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France To Pursue Budget Reforms Following Downgrade

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French President Nicolas Sarkozy with German Chancellor Angela Merkel. French officials have said they will implement cost-cutting measures in the wake of Friday's credit downgrade.
French President Nicolas Sarkozy with German Chancellor Angela Merkel. French officials have said they will implement cost-cutting measures in the wake of Friday's credit downgrade.

PARIS -- France's prime minister said Saturday his country will push ahead with cost-cutting measures after its top-tier debt rating was downgraded, a blow with repercussions across financially beleaguered Europe.

Other European countries from Austria to Cyprus assailed ratings agency Standard & Poor's after a raft of downgrades Friday night that renewed questions about the power such agencies wield. The move may make it more expensive for struggling countries to borrow money, reduce debts and avoid a new recession.

German Chancellor Angela Merkel said downgrades of nine eurozone countries underline the fact that Europe has a "long road" ahead to win back investors' confidence. Her own country, the engine of Europe's economy, was not downgraded.

Merkel and French Prime Minister Francois Fillon said the downgrades should push European countries to quickly implement a planned pact to strengthen budget discipline. Germany and France have piloted rescue efforts for other eurozone countries as the continent has been swept up in crisis after crisis over the past two years.

Fillon struck a somber, measured tone when responding Saturday to the downgrade, which was particularly wounding to France's self-image and could hurt bailout efforts. France is central to those efforts, and the downgrade, by pushing up its own borrowing costs, could make it harder for France to help others.

Fillon said the downgrade confirmed his conservative government's plans for more reforms to bring down debts, despite worries that more austerity measures could suffocate growth.

He said the government wouldn't adjust the budget yet, saying it had been devised with an assumption of higher borrowing costs. S&P had warned 15 European nations in December that they were at risk for a downgrade.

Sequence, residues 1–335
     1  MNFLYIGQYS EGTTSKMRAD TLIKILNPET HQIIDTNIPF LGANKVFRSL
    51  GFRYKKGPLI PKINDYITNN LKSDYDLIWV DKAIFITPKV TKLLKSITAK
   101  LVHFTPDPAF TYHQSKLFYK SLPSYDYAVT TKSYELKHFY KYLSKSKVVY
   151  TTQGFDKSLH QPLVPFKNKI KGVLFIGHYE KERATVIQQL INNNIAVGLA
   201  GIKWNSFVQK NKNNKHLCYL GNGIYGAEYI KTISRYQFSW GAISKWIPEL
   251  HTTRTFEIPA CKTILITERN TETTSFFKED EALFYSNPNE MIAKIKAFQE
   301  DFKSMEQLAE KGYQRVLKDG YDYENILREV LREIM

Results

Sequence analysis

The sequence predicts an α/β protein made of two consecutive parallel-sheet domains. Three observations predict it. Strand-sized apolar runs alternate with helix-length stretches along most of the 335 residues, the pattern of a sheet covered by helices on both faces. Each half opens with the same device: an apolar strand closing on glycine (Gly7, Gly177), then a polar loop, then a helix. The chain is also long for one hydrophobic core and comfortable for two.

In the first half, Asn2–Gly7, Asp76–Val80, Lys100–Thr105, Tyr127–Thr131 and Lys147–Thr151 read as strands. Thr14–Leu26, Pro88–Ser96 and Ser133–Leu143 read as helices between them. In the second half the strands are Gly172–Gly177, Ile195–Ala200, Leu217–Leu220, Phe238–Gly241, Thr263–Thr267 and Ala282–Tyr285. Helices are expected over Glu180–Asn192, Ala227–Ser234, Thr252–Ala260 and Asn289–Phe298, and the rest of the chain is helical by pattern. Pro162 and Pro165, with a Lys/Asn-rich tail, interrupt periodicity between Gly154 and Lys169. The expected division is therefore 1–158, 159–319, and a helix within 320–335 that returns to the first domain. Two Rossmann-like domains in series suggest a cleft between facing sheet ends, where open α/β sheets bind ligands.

The downgrade, three months before France holds presidential elections, was "an alert that should not be dramatized any more than it should be underestimated," he said.

Standard & Poor's stripped France of its coveted AAA status, knocking it down one notch to AA+. It dropped Italy even lower. Germany retained its top-notch rating, but Portugal's debt was consigned to junk.

Cyprus' finance minister called Standard & Poor's two-notch downgrade of his eurozone country to junk status "arbitrary and unfounded."

Kikis Kazamias said on Saturday that the agency ignored the island's deficit-cutting measures as well as the discovery of significant offshore natural gas deposits. He said the action illustrates once more how credit ratings agencies exacerbate Europe's debt crisis.

Austria's chancellor criticized S&P's decision to strip his country of the top AAA rating, and noted that his coalition government is working on an austerity package.

Werner Faymann wrote on his Facebook page that "Austria's economic data remain very good." He added that the decision showed "that Austria must become more independent from the financial markets."

The downgrade brought a downbeat end to a mildly encouraging week for Europe's heavily indebted nations and served as a reminder that the 17-country eurozone faces another tough year.

France's downgrade to AA+ lowers it to the level of U.S. long-term debt, which S&P downgraded last summer.

Stocks fell Friday as downgrade rumors reached the trading floors of Europe and the United States. But the declines were nothing like the wrenching swings of last summer and fall.

Speaking to fellow conservatives in the northern German city of Kiel, Merkel stressed the importance of a new treaty enshrining tougher fiscal rules. Most European Union leaders agreed in early December to draw up the pact.

"We are now called upon ... to implement quickly the fiscal pact and implement it decisively – without trying to water it down everywhere," Merkel said.

The chancellor sought to allay concerns that the downgrade of France, the 17-nation eurozone's No. 2 economy after Germany, would complicate the work of the bloc's temporary rescue fund, the euro440 billion ($560 billion) European Financial Stability Facility. However, she did underline the urgency of putting its permanent successor, the European Stability Mechanism, in place quickly.

France's presidential elections could complicate Europe's internal discussions. President Nicolas Sarkozy, who has been at the heart of the debate, is highly unpopular and far from certain of winning a second term.

The man who tops polls ahead of the April and May elections, Socialist Francois Hollande, said the downgrade was a punishment for conservative Sarkozy's policies. He said Saturday that austerity measures were stifling growth and France's competitiveness.

Elie Cohen, economist with France's National Center for Scientific Research, said the Standard & Poor's decision casts doubt on Sarkozy's choices and European leaders' ability to handle the crisis.

"From the moment France was downgraded, it boomerangs on (Sarkozy's) own economic record, and it becomes one factor in the electoral battle," Cohen told AP Television News. Cohen said France's economic standing had been weakening for a long time, and the downgrade was overdue.

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Geir Moulson in Berlin, Cecile Brisson and Jeffrey Schaeffer in Paris and Menelaos Hadjicostis in Nicosia, Cyprus, contributed to this report.

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